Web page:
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Multimodal context and voice recognition for seamless voice control technology interfaces with low upfront cost

Periodic Reporting for period 2 - XMOS (Multimodal context and voice recognition for seamless voice control technology interfaces with low upfront cost)

Reporting period: 2020-01-01 to 2021-03-31

Society is entering an era of intelligent connectivity. Technology providers are designing these capabilities into more and more products for the Internet of Things (IoT) as consumers become comfortable with smart devices.

With potentially hundreds of these devices in our homes, cars, cities – everywhere we go – we need new, easier and more natural ways of interacting with them, freeing our hands from keyboards and control panels. We will want our devices to know when to interact with us and – just as importantly - when we require privacy. Our devices will need to detect our presence, distinguish us from others and interpret multiple data streams to 'understand' the environment in which they are operating.

Today, voice-enabled devices, such as smart speakers, use a costly "applications processor" to perform communications and control processing in conjunction with cloud-based servers. However, when applied to the IoT, this approach has significant disadvantages, the most important being:

- Security & privacy: sensitive personal information transported and stored externally
- Energy consumption: processing raw data in the cloud consumes significant energy
- Cost: limits the range of viable applications.

These factors limit the adoption of novel human-machine interfaces in a vast range of IoT applications. For example one of the key features, a voice interface, which can vastly improve user experience is currently the domain of large, expensive processors.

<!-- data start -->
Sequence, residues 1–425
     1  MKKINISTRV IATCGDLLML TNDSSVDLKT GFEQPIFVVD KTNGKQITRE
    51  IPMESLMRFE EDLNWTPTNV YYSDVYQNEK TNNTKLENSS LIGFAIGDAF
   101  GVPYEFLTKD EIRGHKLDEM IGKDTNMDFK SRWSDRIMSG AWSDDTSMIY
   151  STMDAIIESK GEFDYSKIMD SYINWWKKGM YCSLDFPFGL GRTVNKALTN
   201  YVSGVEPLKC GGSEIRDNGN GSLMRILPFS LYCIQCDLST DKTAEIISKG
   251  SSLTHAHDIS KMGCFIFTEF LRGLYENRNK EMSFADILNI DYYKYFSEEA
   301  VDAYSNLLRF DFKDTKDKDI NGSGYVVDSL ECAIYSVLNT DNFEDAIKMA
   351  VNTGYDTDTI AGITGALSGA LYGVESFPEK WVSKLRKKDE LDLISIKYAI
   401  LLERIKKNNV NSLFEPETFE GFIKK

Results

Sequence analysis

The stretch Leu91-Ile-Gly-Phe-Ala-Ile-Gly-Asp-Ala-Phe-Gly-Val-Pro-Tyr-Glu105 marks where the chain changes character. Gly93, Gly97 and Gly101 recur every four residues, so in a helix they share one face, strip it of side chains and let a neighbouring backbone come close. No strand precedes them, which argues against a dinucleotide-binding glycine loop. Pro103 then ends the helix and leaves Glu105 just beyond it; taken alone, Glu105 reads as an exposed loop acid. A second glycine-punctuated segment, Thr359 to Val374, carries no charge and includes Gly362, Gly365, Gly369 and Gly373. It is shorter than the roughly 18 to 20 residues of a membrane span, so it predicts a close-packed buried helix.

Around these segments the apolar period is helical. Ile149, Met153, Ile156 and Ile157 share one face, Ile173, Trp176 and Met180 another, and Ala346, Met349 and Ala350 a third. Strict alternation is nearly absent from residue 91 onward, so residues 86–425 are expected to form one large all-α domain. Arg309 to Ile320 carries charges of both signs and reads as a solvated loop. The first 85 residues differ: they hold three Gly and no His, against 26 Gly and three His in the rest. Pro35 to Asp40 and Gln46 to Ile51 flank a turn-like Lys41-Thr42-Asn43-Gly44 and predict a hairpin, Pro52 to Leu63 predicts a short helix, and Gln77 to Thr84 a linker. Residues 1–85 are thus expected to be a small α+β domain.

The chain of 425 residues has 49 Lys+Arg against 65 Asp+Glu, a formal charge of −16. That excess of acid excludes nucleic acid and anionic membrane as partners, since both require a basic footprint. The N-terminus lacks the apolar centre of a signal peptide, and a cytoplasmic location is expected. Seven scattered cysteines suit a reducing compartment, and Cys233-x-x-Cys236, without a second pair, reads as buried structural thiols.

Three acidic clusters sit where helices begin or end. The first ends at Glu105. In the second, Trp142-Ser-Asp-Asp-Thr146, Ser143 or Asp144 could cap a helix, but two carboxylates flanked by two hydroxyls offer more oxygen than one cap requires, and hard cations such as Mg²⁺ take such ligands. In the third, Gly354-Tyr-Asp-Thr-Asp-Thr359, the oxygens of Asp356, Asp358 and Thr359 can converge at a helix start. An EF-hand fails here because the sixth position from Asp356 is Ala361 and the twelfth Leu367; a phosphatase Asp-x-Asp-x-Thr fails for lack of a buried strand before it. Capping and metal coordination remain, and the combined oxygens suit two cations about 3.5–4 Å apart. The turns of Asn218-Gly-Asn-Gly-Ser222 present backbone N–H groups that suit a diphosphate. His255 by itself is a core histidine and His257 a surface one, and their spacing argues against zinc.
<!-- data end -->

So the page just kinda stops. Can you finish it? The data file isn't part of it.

The XMOS project has developed a set of core technologies for low-cost voice interfaces and sensor aggregation systems. These will enable next generation human-machine interfaces, allowing manufacturers to rapidly incorporate voice interfaces into a wide range of products. Incorporating AI inferencing techniques, the device can process information locally, reducing privacy and bandwidth issues and allowing manufacturers to add differentiating features.
XMOS has designed a low-cost, cloud-connected, "Thin-client" AIoT design, comprising a far-field voice interface, Artificial Intelligence inferencing and user customisation. This design can be produced as a stand-alone module or integrated into a complex system. The architecture is flexible, enabling developers to add new capabilities and AI models to support a wide range of use cases.

The Thin-client's central component is xcore.ai a cross-over processor that integrates most of the digital functionality required at a low cost. The XMOS AIoT module demonstrates this in a very compact voice interface design (55mm x 30mm) including microphones, AI inferencing, and Wi-Fi.

Incorporating voice control into an existing product design was one of the primary use cases for this project, so removing the need for an engineer to learn new programming environments was a critical factor in gaining wider customer acceptance. XMOS developed a framework that enables machine learning engineers to develop AI models using their preferred tools.

XMOS investigated three areas of embedded AI voice processing: speaker localisation, identification and keyword detection. In all three areas, the core technology has been prototyped, demonstrated to be viable, and the algorithms and models made available for exploitation. Customer trials indicated most interest in local, customised keyword detection as this offers brand differentiation without a dependency on the tech giants’ voice service platforms.